— John Rubio
Tangled is an exercise in recycling: recycled characters, recycled melodies, recycled themes. Disney (the monarch of recycled story lines) is back to the drawing screen after a return to hand-drawn animation with The Princess and the Frog.
But even the animation here feels recycled: the Cabbage Patch plasticity of the faces, the unchanging costumes, the glowworm “magic” of the heroine’s hair (of indeterminate and inconsistent length). Everything looks like a toy. With the packaged dolls awaiting holiday sales, maybe it’s meant to. The 3D does nothing to help the overall image, offering the customary sacrifice of foreground clarity for wobbly depth.
The Rapunzel legend itself is lost amidst the Disney checklist: the awkward sidekick (here limited to expressions only); the clichéd characters, unable to express any emotional resonance unless in song; and the songs themselves, which are rehashed tunes of sentimental exposition. For all its effort to be fresh and original with “current” touches on child abduction and passive-aggressive parenting (“Mother knows best!”), the freshness amounts to little more than a sense that we’ve seen it all before. Rapunzel is Jasmine is Ariel.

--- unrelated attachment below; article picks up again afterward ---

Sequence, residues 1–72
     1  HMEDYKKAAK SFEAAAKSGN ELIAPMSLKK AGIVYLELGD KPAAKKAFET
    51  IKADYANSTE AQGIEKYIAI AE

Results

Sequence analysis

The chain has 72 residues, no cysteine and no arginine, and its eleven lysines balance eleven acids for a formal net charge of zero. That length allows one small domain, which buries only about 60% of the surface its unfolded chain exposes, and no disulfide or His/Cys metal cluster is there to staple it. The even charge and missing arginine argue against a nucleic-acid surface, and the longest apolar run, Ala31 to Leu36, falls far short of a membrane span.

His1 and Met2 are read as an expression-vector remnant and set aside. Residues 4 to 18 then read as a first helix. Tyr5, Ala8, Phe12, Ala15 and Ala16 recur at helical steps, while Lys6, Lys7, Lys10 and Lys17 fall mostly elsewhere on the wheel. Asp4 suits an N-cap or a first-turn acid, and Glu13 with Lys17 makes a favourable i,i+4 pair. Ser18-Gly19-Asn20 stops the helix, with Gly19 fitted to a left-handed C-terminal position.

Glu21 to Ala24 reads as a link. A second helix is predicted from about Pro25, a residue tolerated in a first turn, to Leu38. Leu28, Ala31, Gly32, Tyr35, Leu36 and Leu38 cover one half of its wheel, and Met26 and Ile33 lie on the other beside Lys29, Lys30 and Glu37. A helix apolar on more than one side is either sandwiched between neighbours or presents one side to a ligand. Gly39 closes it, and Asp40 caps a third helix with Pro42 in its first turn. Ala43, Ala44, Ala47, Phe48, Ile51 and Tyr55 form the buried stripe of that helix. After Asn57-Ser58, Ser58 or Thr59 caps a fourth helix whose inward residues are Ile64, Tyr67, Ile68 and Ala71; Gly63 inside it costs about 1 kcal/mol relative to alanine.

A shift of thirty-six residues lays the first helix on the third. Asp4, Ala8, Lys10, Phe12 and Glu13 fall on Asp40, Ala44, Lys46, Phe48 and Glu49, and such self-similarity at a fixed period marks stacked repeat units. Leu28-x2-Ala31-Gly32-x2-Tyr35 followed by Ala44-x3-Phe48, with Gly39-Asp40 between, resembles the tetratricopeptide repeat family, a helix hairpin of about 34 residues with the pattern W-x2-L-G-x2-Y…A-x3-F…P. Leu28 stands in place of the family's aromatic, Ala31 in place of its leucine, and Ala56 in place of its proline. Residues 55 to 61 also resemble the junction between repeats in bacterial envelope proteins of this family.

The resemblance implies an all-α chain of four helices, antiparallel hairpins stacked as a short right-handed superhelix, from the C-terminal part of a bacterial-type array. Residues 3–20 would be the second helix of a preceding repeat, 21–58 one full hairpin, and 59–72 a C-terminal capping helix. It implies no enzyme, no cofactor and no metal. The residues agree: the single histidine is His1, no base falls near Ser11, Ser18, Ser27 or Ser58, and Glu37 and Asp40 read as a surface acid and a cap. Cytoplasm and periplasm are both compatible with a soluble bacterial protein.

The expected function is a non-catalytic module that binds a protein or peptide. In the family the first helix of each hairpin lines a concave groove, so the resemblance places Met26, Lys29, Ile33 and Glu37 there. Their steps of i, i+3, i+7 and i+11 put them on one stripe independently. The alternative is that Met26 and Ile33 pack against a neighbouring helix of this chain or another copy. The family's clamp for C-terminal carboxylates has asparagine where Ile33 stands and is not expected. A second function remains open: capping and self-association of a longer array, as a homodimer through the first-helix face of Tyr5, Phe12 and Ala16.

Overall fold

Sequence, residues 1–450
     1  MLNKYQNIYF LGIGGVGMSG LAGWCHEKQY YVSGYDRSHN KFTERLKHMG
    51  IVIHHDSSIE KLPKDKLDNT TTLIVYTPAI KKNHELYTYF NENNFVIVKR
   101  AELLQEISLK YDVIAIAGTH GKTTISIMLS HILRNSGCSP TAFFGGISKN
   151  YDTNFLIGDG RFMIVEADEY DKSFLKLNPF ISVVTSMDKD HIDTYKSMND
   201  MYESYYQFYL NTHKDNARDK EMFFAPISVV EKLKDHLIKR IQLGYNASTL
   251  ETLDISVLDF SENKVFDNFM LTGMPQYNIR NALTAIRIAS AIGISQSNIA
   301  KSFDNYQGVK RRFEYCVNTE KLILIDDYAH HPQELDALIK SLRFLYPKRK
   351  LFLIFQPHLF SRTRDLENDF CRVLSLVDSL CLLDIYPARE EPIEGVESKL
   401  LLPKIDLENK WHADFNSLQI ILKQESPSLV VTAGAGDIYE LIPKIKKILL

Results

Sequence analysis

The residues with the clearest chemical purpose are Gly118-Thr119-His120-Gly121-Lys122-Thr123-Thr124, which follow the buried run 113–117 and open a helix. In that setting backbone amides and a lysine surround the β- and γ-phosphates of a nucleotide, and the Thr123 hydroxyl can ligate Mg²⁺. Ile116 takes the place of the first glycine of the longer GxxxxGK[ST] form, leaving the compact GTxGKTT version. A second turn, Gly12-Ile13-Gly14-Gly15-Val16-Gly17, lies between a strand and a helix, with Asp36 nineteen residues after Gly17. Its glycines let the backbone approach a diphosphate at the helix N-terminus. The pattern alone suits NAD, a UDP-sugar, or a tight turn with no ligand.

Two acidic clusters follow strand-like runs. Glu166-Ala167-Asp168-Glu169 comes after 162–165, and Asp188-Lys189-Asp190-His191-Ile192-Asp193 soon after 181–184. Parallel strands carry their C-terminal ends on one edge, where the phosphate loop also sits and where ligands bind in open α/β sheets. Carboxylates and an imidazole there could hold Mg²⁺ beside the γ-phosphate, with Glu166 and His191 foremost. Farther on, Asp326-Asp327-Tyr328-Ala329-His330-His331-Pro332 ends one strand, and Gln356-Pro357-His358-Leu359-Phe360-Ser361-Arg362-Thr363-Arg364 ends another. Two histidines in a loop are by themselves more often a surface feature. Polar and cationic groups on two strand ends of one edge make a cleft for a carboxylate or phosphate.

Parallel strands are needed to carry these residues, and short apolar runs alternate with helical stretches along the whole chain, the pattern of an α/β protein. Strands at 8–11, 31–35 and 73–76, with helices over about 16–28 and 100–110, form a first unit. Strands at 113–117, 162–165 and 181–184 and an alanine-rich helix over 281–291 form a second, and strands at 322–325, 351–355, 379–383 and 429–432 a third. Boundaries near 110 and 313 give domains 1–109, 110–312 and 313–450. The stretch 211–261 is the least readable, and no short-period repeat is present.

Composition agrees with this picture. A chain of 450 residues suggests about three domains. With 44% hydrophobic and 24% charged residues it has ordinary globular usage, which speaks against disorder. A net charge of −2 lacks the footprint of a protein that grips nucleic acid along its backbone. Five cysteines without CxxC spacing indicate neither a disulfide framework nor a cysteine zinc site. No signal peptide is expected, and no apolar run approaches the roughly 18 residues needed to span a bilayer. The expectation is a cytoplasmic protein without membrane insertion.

— John Rubio
Ever hear someone bleed out? I don’t mean the moans of pain or the thumps of helpless thrashing, I mean the sound of individual drops of blood hitting the floor, plink plink plink. No? Well, you can if you check out Dwayne “The Rock” Johnson’s latest vehicle. (And “vehicle” is the right word here — the camera pays more attention to Johnson’s admittedly gorgeous Chevelle SS than it does to the actor’s scarred and overstuffed physique.) Sonic assault is the order of the day here, with jingling keys and closing doors sounding off almost as loudly as the explosion of gunfire or the roar of a muscle car that seems to peel out every time it starts moving. It’s even more noticeable than the visual assault, though blinding glares abound, as do gimmicky bits such as seeing a police car’s siren reflected in our hero’s eyes.